Today we catch up with Mrs Energy Saving, who won an energy saving monitor in our Energy Saving Week competition last year. She kindly wrote us a blog back in December sharing her findings from the energy monitor. She has generously written us another blog about her energy savings during the big freeze we’ve had. How did Mrs Energy Saving handle the snow and sub-zero temperatures? Keep on reading to find out.
Back in December, I was fortunate enough to win an energy saving pack from Anglian Home Improvements. In just a week of actively making my way through the pack, I was made aware of ways in which to save energy (and reduce my carbon footprint – we can’t forget about that!) simply around my own home. Two months later, I’m still using the energy saving light bulbs, and putting good use to the smart monitor, but we’ve had a bizarre month of weather here in the UK and I wanted to share with you my latest discoveries.
Firstly, the smart monitor is wonderful. As I mentioned in my last post, it really is a great way of seeing for yourself just how much energy you are using – and wasting! It’s easy to not know your exact usage, particularly if you’ve already made the effort to go paperless for your bills! From December, I’ve been making a conscious effort to unplug appliances, and trying to encourage my kids to do the same. I’m hoping that these habits will stay with them, particularly for when they get their own homes in many years to come.
Here in the UK, we’ve had a reasonable amount of snow, and I do love the way it makes my garden look. It means my kids can play outdoors (and not in front of the TV – an automatic energy saving right there you might say!) trying to build a snowman, but it also brings with it a cold chill throughout the house. I actually consider myself to be quite savvy when it comes to the environment – my work depends on it after all but in addition, I’m a true believer in renewable energy, recycling, and re-using. Saying that however, as a mum, I’m guilty of a few things such as: Leaving the central heating on for longer than necessary and overusing the washing machine and tumble dryer.
When the kids come in on a rainy day or rush in with their soggy wellies and coats from making snow angels, it’s easier to throw their cold damp clothes straight into the wash and get them dried quickly ready for the next school day. Well, I’m making a conscious effort to no longer do this. It’s wasteful to fill these machines only half way, and they do have a spare school uniform and coat after all! I’ve also changed the timings on our central heating so it is only in use when we are in the house, and not all day long. I’m ashamed to say I didn’t realise it was on so often – a stark reminder to regularly check your settings! Whilst reflecting on my energy usage, I thought more about the snow and what is has really taught me. I came up with 2 main answers:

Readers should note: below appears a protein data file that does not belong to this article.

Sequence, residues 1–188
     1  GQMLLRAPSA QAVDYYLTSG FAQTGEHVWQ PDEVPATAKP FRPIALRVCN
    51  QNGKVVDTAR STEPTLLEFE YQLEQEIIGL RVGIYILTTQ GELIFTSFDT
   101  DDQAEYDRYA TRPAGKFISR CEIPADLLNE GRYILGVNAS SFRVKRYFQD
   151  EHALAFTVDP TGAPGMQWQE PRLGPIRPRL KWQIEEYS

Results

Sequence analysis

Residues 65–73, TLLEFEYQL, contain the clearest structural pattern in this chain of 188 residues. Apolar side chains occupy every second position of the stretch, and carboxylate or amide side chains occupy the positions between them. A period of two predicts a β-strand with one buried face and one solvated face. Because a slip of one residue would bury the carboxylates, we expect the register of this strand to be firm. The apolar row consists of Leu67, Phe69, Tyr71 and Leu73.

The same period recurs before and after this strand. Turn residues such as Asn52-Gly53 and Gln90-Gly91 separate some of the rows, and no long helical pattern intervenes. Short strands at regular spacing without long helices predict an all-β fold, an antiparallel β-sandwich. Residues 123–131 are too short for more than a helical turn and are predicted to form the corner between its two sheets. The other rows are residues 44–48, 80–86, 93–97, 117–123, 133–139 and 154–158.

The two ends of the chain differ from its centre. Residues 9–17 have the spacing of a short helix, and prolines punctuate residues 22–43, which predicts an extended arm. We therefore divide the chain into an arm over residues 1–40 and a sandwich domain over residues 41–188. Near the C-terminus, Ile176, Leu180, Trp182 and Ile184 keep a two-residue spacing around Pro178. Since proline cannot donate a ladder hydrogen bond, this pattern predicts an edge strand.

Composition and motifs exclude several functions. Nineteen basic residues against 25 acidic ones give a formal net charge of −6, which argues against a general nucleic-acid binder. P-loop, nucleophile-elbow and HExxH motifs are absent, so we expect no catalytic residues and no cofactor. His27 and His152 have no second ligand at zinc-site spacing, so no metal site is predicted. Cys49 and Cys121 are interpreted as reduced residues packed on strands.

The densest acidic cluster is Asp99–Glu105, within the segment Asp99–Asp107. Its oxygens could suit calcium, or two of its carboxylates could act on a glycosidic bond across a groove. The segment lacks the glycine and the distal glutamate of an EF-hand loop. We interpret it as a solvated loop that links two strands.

1. We need to walk more. Cars are wasteful and expensive. If the snowy roads have caused you to leave your car at home, why not do the same when it’s sunny out too? If you haven’t got far to go, walk or use public transport to reduce your carbon footprint.
2. Insulation is absolutely vital to a warm home.
Here’s a tip. If you see a house and the snow is melting particularly fast on its roof, it’s because the heat is escaping and melting that snow. With the central heating usage now reduced in our home, we could feel where the drafts in our house were. We started closing the doors more often to only heat the rooms in which were being used, and we have re-caulked one of our windows which was letting in a frightening breeze in the lounge. Furthermore, upon visiting a friend who has recently moved into a home she plans to renovate, I can’t stress how much of a difference double glazed windows make. Our house has double glazing but hers doesn’t as of yet. The difference was crystal clear and I thanked my lucky stars I had worn my woolly jumper upon my visit!
Thankfully, I have some wonderful loft insulation already and so this is helping our central heating warmth stay in the home for longer. But for those that don’t, it doesn’t take a lot of money to implement and many may be eligible for a grant.
I hope this gives you all some tips and ideas of how to stay warm on the last leg of this UK winter. It’s always a good idea to sit back and re-evaluate you energy usage in your own home. Even someone like me who considers herself to be eco-savvy still has plenty to learn. For more energy savings advice click here.